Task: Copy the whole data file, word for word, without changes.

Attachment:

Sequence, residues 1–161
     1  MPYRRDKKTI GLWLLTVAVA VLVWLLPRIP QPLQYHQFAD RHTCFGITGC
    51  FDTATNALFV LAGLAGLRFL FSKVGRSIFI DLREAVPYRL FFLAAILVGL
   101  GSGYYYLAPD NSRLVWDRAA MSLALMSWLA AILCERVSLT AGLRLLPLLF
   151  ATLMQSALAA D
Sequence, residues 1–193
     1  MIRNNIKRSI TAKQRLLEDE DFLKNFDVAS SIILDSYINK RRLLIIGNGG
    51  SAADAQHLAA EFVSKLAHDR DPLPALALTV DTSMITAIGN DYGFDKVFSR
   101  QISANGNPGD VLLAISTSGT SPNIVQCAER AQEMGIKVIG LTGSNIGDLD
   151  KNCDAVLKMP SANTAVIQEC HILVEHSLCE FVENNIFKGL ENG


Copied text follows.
Sequence, residues 1–161
     1  MPYRRDKKTI GLWLLTVAVA VLVWLLPRIP QPLQYHQFAD RHTCFGITGC
    51  FDTATNALFV LAGLAGLRFL FSKVGRSIFI DLREAVPYRL FFLAAILVGL
   101  GSGYYYLAPD NSRLVWDRAA MSLALMSWLA AILCERVSLT AGLRLLPLLF
   151  ATLMQSALAA D
Sequence, residues 1–193
     1  MIRNNIKRSI TAKQRLLEDE DFLKNFDVAS SIILDSYINK RRLLIIGNGG
    51  SAADAQHLAA EFVSKLAHDR DPLPALALTV DTSMITAIGN DYGFDKVFSR
   101  QISANGNPGD VLLAISTSGT SPNIVQCAER AQEMGIKVIG LTGSNIGDLD
   151  KNCDAVLKMP SANTAVIQEC HILVEHSLCE FVENNIFKGL ENG